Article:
Sierra Club Books, 1997. Trade Paperback. Item #320632
Very good in wrappers (paperback).
The Last Stand is a compelling American saga of greed gone wild and a small town divided over a precious natural resource.
For three generations, the Murphy family ran the Pacific Lumber Company with a tradition of both sustainable forestry and a concern for employee well-being. Their Headwaters Forest in Northern California contained three-quarters of the world's old-growth redwoods in 1985, the year in which a Texas-based conglomerate engineered a hostile takeover of PLC. The new owners quickly increased the harvest of redwoods by 300 percent, gutted the employee pension plan, and began clear-cutting acre upon acre of virgin forest.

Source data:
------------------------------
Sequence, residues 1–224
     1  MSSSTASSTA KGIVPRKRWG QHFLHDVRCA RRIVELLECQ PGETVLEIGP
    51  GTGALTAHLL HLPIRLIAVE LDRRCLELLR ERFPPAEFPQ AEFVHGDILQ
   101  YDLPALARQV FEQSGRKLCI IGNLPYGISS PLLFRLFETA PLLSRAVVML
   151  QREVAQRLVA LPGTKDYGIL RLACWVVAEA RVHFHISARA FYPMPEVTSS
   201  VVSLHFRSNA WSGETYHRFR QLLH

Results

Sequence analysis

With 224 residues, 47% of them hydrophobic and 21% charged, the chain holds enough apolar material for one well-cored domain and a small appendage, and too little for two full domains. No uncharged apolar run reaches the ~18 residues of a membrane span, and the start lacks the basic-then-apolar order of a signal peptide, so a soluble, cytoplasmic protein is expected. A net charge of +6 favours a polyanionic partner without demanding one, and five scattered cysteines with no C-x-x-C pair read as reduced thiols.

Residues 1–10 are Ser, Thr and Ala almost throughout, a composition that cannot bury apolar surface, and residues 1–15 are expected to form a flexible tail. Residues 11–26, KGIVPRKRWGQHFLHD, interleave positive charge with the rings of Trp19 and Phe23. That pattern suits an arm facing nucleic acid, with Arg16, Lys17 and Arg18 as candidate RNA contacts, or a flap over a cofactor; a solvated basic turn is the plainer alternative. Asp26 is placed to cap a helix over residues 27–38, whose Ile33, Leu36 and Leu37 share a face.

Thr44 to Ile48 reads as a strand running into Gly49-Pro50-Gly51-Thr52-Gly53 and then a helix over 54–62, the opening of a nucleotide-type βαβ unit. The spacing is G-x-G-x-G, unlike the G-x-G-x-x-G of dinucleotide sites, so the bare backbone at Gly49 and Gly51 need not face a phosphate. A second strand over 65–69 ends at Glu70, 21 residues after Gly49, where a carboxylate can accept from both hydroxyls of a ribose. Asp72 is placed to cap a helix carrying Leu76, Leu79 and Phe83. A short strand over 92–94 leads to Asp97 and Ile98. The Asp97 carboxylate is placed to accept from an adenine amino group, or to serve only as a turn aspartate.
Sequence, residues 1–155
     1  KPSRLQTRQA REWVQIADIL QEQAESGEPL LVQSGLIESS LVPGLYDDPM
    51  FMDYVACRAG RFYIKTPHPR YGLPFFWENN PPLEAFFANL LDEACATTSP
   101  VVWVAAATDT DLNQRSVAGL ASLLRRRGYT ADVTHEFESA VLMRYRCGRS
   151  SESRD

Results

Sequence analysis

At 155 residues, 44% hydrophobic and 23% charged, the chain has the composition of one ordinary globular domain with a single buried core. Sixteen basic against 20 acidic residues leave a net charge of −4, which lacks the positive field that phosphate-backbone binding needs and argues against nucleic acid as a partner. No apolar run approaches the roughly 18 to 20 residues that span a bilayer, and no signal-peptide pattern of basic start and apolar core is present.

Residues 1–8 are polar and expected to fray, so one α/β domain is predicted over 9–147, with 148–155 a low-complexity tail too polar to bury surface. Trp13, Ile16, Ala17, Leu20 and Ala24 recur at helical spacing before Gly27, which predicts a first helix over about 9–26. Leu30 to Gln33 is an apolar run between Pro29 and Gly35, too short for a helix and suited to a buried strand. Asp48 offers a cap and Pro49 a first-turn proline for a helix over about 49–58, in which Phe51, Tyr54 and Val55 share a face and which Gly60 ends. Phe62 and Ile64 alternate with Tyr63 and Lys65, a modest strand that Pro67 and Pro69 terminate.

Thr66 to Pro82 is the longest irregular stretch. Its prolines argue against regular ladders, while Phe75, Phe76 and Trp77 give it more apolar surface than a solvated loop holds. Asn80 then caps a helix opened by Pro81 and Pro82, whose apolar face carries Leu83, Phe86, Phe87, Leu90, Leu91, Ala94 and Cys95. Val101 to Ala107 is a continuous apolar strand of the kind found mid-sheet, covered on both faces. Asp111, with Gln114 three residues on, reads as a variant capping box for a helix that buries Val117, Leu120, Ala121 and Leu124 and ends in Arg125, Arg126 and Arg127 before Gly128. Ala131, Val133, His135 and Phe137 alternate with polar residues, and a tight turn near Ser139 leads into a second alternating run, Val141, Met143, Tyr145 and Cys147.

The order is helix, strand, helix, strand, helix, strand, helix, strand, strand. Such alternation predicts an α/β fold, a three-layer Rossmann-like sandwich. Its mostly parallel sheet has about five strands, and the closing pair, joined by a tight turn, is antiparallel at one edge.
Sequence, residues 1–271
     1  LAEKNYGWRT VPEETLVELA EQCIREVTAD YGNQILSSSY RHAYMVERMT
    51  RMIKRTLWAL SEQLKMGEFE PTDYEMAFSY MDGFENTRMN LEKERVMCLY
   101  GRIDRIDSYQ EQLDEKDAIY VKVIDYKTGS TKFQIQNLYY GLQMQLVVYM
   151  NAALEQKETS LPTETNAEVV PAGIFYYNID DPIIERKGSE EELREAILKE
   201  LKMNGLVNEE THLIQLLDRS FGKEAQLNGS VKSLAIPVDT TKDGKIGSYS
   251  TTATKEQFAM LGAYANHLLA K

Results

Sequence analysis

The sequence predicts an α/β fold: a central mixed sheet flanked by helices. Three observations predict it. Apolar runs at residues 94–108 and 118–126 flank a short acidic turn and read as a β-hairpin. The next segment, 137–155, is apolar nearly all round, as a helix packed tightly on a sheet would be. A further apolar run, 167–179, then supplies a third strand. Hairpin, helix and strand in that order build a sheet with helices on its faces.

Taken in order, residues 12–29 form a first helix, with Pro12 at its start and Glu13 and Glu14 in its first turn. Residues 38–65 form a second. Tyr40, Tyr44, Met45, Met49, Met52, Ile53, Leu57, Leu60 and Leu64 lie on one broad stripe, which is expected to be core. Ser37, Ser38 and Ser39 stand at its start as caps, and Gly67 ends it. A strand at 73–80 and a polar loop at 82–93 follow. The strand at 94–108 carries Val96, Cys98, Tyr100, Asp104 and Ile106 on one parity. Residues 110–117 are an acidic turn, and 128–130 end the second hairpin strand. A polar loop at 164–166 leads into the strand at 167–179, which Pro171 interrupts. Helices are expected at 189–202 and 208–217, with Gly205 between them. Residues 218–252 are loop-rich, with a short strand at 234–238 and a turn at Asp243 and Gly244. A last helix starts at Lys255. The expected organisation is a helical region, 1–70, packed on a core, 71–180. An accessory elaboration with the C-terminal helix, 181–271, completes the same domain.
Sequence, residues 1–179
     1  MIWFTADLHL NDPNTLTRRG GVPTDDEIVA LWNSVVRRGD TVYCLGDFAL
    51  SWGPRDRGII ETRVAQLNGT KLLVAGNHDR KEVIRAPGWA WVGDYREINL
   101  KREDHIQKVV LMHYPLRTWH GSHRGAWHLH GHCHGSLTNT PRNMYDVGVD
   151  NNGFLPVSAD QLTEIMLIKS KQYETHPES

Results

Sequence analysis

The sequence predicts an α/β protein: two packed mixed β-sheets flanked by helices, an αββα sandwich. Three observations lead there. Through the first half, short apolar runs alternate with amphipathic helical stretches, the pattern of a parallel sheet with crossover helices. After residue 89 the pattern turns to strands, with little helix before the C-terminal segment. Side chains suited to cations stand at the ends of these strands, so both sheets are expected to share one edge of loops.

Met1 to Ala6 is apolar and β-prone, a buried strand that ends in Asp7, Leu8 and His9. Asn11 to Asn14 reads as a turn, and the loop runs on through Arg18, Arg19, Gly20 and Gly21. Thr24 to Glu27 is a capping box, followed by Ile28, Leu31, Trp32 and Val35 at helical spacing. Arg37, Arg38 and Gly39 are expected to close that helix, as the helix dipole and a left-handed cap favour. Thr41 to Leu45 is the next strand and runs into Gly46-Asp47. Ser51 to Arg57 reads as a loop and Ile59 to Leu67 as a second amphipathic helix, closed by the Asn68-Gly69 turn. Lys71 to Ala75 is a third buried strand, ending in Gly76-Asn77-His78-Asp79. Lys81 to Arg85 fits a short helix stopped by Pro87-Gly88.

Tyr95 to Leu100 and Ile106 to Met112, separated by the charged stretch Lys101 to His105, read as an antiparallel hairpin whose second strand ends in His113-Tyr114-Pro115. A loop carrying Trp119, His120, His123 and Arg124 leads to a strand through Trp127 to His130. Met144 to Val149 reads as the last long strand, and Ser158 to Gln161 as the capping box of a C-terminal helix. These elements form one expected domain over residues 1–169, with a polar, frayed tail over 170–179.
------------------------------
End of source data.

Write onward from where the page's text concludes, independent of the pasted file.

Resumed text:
Local environmentalists took up the fight to reverse the takeover and save the redwoods. The conflict between conservation efforts and fears of unemployment came to a head at the end of "Redwood Summer," when protesters from across the country came into town and were greeted by residents shouting insults and slinging eggs and tomatoes.
Moving from the paneled boardrooms overlooking Wall Street to the banks of the Eel River, this engrossing account chronicles the ongoing battle between environmentalists and business over irreplaceable natural resources.